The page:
‘Edinburgh By Numbers’ document reveals how Scotland’s capital compares to other major UK cities.

The City of Edinburgh Council has released its annual document, ‘Edinburgh by numbers’, outlining the statistics relating to society in Edinburgh throughout 2016.

Gavin Barrie, convener of the Council’s Economic Development Committee, referred to the document as “an essential resource for anyone looking to invest in the city or simply looking for key facts and figures about the capital.”

The data presented in the document would be used when “setting policy in a number of areas”, Barrie said.

Significant statistics were evident in various aspects of the report, one of which regarding Edinburgh’s population growth stretching beyond 500,000 “for the first time in its history” during the year 2016.

Other figures presented were that over 1 million passengers left from Edinburgh Airport for Spain and that footfall on Princes Street on an average day in August was 45,200.

A more striking piece of data was demonstrated in that Edinburgh has the highest number of Michelin awarded restaurants of any major city in the UK.

Economically, Edinburgh has had “the lowest unemployment [figure] of any major UK city in each of the last ten calendar years”. The percentage of Edinburgh’s workforce with a degree level qualification or equivalent is presented as higher than any other major UK city at 55%.

When remarking on the economic figures, Barrie stated: “Edinburgh is a vibrant capital city with a diverse economy, an increasing population and strong investment potential.”

At 118.8, the Scottish capital has the second highest number of students in higher education per 1,000 citizens of any UK city. The London equivalent is 41.2 and that of Sheffield is 103.2.

Miles Mann, a Philosophy and Theology student in 1st year who grew up in Sheffield told The Student:“It depends on the area that you are in, but it does seem like there are more [students] around in Edinburgh.”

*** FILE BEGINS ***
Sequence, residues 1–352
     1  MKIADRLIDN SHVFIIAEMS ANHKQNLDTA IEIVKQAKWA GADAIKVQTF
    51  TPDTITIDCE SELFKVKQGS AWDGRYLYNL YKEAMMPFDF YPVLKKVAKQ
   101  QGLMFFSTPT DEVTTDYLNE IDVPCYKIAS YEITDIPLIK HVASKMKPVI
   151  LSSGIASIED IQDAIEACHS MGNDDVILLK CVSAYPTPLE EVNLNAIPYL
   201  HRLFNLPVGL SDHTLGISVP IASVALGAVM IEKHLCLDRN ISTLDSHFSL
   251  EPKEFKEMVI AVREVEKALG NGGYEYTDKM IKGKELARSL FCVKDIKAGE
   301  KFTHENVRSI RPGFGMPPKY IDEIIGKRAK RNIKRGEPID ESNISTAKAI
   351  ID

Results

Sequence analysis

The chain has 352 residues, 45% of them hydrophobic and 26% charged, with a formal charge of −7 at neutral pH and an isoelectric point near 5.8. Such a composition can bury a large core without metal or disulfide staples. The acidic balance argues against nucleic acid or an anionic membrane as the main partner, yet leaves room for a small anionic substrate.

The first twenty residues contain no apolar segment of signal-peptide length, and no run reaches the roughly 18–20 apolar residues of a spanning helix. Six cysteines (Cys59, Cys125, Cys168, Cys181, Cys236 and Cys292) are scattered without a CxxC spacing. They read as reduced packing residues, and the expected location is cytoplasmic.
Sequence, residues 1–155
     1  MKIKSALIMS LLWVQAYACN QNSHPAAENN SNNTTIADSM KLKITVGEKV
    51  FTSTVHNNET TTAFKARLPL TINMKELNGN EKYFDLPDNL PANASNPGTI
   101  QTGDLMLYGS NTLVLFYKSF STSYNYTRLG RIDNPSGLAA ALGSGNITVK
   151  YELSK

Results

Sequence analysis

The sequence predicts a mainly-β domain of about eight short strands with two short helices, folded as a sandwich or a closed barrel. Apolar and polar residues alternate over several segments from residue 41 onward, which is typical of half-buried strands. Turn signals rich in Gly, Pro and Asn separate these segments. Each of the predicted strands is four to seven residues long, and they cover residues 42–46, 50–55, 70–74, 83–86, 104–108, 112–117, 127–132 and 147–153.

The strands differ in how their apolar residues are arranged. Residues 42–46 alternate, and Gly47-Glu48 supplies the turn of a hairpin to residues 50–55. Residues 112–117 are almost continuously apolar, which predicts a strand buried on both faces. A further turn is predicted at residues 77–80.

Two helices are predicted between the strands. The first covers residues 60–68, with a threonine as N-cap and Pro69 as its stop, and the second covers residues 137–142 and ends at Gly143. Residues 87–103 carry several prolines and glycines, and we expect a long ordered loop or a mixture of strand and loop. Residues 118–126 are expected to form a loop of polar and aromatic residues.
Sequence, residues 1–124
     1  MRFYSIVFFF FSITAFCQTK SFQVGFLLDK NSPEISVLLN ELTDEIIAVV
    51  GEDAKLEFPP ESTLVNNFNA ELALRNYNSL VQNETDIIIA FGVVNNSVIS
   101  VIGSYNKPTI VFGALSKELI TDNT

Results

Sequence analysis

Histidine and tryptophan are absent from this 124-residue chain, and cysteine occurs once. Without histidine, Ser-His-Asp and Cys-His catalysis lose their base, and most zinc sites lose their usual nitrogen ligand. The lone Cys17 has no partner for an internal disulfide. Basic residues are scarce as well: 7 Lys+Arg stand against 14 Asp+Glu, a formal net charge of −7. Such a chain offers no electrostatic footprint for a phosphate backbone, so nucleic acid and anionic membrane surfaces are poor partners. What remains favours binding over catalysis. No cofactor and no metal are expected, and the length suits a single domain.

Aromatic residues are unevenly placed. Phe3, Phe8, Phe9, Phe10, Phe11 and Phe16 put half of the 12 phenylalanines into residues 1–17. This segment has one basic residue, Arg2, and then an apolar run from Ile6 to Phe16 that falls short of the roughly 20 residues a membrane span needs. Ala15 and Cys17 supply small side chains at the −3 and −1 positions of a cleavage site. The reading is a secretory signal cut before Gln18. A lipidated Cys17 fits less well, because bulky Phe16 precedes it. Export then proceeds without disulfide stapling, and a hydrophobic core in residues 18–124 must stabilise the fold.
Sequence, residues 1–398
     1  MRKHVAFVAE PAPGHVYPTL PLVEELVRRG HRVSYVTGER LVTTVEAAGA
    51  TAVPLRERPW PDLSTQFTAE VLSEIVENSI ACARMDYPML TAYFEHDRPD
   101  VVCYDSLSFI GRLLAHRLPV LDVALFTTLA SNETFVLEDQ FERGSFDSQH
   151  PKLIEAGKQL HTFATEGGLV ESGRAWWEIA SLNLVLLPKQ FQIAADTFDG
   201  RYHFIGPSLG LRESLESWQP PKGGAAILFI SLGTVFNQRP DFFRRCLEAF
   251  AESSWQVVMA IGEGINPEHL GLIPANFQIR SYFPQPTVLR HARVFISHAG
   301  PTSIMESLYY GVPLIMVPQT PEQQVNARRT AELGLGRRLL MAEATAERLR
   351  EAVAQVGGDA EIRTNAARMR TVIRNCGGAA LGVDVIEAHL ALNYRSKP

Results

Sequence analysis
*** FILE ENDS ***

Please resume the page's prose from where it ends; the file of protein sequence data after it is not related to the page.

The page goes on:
Environmentally, Edinburgh boasts high scores when it comes to recycling, as 42.3 per cent of household waste was recycled in March 2016 compared to a mere 26.0 per cent in Glasgow.

However, at 4.9, the city had one of the highest rates of carbon dioxide emissions per capita between 2013 and 2015 compared to 3.8 and 4.1 in Bristol and Birmingham respectively.

Perhaps unsurprisingly, Edinburgh draws in more overseas visitors per year than any other UK city apart from London. Between 2014 and 2016 the annual average number of visitors the Scottish capital was 1,605,900 which is over triple its population.

The equivalent for Glasgow is 648,200. Kye Perry, a music technology student in second year who grew up in Glasgow, told The Student that he “thinks that the difference in levels of tourism in Edinburgh and Glasgow are very noticeable.”

The tourist sights in Glasgow are more spread out with “modern areas right beside the city chambers”, Perry continued, also stating that Glasgow is more “ground in industry” and may therefore attract a different type of visitors.

Finally, on a brighter note, Barrie also stated “from May to July 2017 there was even 10% more sunshine than the same time in the previous year!”

 

Image: barnyz

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